Germany is on a collision course with the rest of Europe ahead of an EU summit later this week, as it fights off growing pressure for a rescue package for Greece.
The markets reacted nervously, and in the United States, a senior banking official warned that Greece's debt crisis could hit the US economy.
German Chancellor Angela Merkel said there was "no question of an urgent decision in the European Council about aid for Greece" when European leaders meet for a summit in Brussels on Thursday and Friday.
|German Chancellor Angela Merkel|
She also hinted that debt-laden Greece could ask for loans from the International Monetary Fund in Washington -- a prospect that some experts say would drastically undermine confidence in the 16-nation eurozone as a whole. Related article: Merkel caught in crossfire
Her comments came despite calls from the European Commission and the EU's Spanish presidency to help Greece.
"We need a decision at this summit," warned European Commission chief Jose Manuel Barroso. "We can't keep going this way, we risk endangering the stability of the eurozone and feeding speculation."
Barroso expressed confidence that Germany would support eurozone-led financial assistance to Greece if it was requested, in an interview published Tuesday.
"I know Chancellor [Angela] Merkel. She is a committed European and I have no doubts that she will, if needed, be in favour of providing financial assistance to Greece," Barroso told the Financial Times newspaper.
The commission president said he did not exclude the International Monetary Fund from providing assistance to debt-laden Greece.
Eurozone countries could support Greece through bilateral loans with strong conditions attached, adding this would not amount to a "bailout" in contravention of EU rules, Barroso said.
"But it is completely wrong and misleading to say that because of the 'no bailout' clause there cannot be help to some member states," he added.
France and Italy also backed European intervention in Greece's debt crisis.
"The French position is very clear," French Foreign Minister Bernard Kouchner said. "We cannot, we must not abandon our Greek friends."
Speaking after meetings in Brussels, Kouchner added that "on this issue, we are not totally in agreement with our German friends."
Dennis Lockhart, the head of the Federal Reserve of Atlanta, warned the Greek crisis could have a knock-on effect on the US economy.
Adjustments across the European Union to fiscal problems resulting from the crisis could dampen eurozone growth and limit US exports to that region, he said. The EU is the largest export market for the United States. Related article: German bank chief presses for eurozone reforms
The crisis could also lead to currency flows from the euro into "safe-haven" US dollar assets, pushing the dollar's value up and thus hurting American export competitiveness, he added.
Greece's plight could also send shockwaves through the financial markets, thus disrupting the banking system, Lockhart argued.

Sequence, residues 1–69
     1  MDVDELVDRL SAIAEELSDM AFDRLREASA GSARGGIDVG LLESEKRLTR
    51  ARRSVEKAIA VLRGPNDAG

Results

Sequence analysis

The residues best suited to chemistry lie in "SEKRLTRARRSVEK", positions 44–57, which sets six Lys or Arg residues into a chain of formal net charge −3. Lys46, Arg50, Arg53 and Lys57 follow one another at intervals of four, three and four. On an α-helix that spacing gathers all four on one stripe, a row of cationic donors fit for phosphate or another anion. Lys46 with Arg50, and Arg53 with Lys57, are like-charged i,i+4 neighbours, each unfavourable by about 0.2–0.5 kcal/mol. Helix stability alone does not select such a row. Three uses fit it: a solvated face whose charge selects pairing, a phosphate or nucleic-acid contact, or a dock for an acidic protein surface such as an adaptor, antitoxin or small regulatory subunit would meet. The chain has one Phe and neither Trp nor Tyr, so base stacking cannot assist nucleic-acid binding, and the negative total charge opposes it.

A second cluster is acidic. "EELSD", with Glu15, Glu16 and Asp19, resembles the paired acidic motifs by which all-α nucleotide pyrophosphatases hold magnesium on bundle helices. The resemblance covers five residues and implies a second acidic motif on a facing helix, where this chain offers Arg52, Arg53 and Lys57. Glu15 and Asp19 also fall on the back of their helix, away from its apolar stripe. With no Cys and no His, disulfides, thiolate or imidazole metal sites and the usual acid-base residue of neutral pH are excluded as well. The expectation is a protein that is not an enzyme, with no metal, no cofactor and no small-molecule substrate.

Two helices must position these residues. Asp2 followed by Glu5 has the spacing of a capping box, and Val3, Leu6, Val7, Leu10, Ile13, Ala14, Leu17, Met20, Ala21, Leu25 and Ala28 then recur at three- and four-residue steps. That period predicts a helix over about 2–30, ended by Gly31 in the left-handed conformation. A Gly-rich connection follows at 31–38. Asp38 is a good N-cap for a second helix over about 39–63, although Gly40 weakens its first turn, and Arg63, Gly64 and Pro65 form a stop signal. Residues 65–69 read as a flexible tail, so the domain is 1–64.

Greek Prime Minister George Papandreou says his country faces the prospect of bankruptcy without some form of support, particularly to reduce the interest rate it is forced to pay to borrow money on international debt markets.
European finance ministers last week discussed plans to provide loans for Greece if necessary but did not announce any firm decisions. They said they would wait for political backing from the summit of EU leaders this week.
The standoff has become increasingly bitter in recent days.
Greek Deputy Prime Minister Theodoros Pangalos said Germany was playing a "miserable game" by betting on rising Greek bond yields for its banks and cheaper exports for its industry because of euro's fall.
But a new poll showed that 61 percent of Germans opposed any bailout for Greece. German news magazine Der Spiegel said Merkel was acting with a "resolve reminiscent of (former British prime minister Margaret) Thatcher."
The bond markets reflected growing concern at the crisis, with the yield -- or interest rate -- on Greek government 10-year bonds rising to 6.446 percent late Monday compared to 6.333 percent late on Friday.
The euro rose slightly against the dollar in late trading in London, going up to 1.3561 dollars compared to 1.3530 dollars late on Friday.
Earlier Monday, however, it fell to 1.3496 dollars -- its lowest level since the start of March.
"The European authorities' inability to agree upon specific details for potential financial support for Greece if needed continues to weigh on the euro," said Lee Hardman, an analyst at Bank of Tokyo-Mitsubishi. Related article: Greek central bank slashes growth forecast
Greece has the highest deficit in the eurozone -- estimated at 12.7 percent of output in 2009 -- and has announced draconian plans to cut spending and raise taxes in order to meet the EU-mandated limit of three percent by 2012.
But the Athens government risks a financial crunch as it needs to raise more than 50 billion euros (68 billion dollars) on the financial markets this year.
That includes some 20 billion euros for debt redemptions due by the end of May.